Dollar Shave Club hit the jackpot when Unilever agreed to buy the online men’s razor merchant for $1 billion.
Other e-commerce startups such as Birchbox and Stitch Fix can’t necessarily expect their own suitors to sweep in with such sweet deals. That’s because the key to Dollar Shave Club’s appeal is not so much its online prowess but the fact that it built a powerful brand in four years.
In a blog post after the deal was announced Wednesday, David Pakman, a partner at Venrock and an early investor, said he never saw the shaving upstart as an “e-commerce company.” The key, he said, is how Dollar Shave Club developed relationships with men, many itching to find an alternative to the high-price blades sold by Gillette and Schick. Sucharita Mulpuru, an analyst at Forrester Research, essentially concurs with Pakman’s take. “I don’t think this is a testament on e-commerce is back,'” she says. “What Dollar Shave built is really unique, and the list is very short of other companies that have assets that are as attractive as they are.”
Dollar Shave Club upended the industry’s traditional business model by offering a subscription service that sells blades for as little as $3 a month (including shipping and handling). The day Dollar Shave Club started selling subscriptions in March 2012, the company released an online video starring founder Michael Dubin, who tells viewers the product is “so gentle a toddler could use it.” The website crashed, but the blades sold out in six hours. The video has been viewed about 23 million times.
The company learns about its audience and curates messages specifically meant to keep them engaged. With each delivery, customers get a magazine. Designed to resemble the funny pages of a newspaper, the little pamphlets feature life and shaving tips, as well as articles answering questions about such important bodily functions as why fingernails grow faster than toenails.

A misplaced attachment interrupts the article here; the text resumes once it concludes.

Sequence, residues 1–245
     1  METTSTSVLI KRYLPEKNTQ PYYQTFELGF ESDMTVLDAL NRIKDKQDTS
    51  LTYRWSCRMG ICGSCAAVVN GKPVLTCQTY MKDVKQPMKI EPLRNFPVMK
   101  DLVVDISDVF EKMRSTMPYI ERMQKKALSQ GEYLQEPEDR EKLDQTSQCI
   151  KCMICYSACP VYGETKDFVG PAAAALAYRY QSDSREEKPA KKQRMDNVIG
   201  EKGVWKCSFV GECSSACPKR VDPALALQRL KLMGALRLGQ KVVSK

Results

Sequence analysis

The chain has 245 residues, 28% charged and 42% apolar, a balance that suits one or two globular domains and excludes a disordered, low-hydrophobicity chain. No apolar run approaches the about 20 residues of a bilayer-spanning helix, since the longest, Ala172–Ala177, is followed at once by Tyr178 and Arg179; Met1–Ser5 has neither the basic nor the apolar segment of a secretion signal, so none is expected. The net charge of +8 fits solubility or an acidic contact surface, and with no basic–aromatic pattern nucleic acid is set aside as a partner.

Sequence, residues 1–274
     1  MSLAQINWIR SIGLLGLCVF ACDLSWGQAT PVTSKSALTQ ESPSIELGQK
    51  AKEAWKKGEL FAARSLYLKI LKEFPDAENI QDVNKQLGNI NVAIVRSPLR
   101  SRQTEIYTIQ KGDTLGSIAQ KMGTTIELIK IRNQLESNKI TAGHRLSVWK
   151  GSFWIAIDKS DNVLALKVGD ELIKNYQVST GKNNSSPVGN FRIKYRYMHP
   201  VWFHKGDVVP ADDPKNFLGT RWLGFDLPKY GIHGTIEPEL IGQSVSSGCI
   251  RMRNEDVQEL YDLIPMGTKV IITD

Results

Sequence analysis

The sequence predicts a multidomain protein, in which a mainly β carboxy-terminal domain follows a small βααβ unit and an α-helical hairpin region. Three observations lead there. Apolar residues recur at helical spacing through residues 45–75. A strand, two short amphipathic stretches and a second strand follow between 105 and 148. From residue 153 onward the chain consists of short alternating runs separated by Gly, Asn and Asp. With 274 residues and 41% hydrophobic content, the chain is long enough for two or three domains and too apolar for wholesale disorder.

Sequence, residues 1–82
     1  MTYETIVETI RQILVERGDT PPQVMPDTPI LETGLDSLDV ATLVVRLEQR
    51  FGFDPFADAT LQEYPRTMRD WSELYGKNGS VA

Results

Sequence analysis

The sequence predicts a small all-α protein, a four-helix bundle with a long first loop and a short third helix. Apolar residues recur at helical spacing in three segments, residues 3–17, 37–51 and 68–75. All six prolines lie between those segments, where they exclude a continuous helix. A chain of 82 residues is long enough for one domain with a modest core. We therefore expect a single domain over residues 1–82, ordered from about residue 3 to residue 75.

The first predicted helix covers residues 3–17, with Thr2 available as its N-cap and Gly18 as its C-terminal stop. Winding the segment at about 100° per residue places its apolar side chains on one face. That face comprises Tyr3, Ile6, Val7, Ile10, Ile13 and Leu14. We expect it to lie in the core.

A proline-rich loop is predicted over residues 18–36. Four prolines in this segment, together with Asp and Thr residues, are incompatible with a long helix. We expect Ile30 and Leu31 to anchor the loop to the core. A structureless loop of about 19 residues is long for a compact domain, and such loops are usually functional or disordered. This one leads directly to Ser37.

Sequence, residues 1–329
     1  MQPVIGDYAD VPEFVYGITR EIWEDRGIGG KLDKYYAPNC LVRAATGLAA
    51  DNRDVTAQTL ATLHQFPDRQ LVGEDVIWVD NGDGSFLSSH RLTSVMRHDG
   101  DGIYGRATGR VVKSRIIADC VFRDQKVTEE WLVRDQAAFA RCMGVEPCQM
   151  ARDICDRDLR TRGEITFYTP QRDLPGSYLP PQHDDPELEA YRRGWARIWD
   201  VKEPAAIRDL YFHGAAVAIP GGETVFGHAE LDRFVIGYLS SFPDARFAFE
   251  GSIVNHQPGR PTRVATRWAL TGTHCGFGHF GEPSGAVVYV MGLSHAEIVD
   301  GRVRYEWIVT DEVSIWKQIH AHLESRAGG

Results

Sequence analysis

The blending of a cheap and convenient product with entertaining content helped the company snatch customers away from traditional razor sellers. That Dollar Shave Club is technically an e-commerce startup? Basically an afterthought.
The company subsequently began running commercials, an expensive tactic tried by very few nascent e-commerce companies. One made sport of the cumbersome process men go through to buy big-brand razors at a local drugstore. The pricey blades are locked away behind plastic doors that set off a siren when opened without the help of a salesperson. In the commercial, the customer vainly asks for help and tries to grab razors without assistance. He’s quickly subdued with a tranquilizer dart. Then Dubin touts Dollar Shave Club as a much better alternative.
The company reached $150 million-plus in sales in 2015, Unilever said in a press release announcing the deal. That despite the fact that the blades lack many of Gillette’s high-tech enhancements. Few other e-commerce startups can claim to have built a brand so quickly. Warby Parker, the spectacle frames company, is one. So is rival blade merchant Harry’s. Nor have e-commerce startups attracted $1 billion bids. Nordstrom Inc. paid just $350 million for apparel merchant Trunk Club. Hudson’s Bay Co., which owns Saks Fifth Avenue, purchased Gilt Groupe for $250 million, much less than what the company was valued at by private investors.
Of course, Dollar Shave Club’s e-commerce bona fides are important to Unilever, which has been promising investors it will get better at selling stuff online. The company will gain access to all the data and analysis the startup has on its customers. Mulpuru says Unilever paid a “heck of a lot of money for a business that’s not profitable,” but likely did so because it feared other competitors such as Gillette parent Procter & Gamble would make their own offers. “It’s worse to have it in P&G’s hands,” she says, “than for you to not spring an extra hundred million to get it yourself.”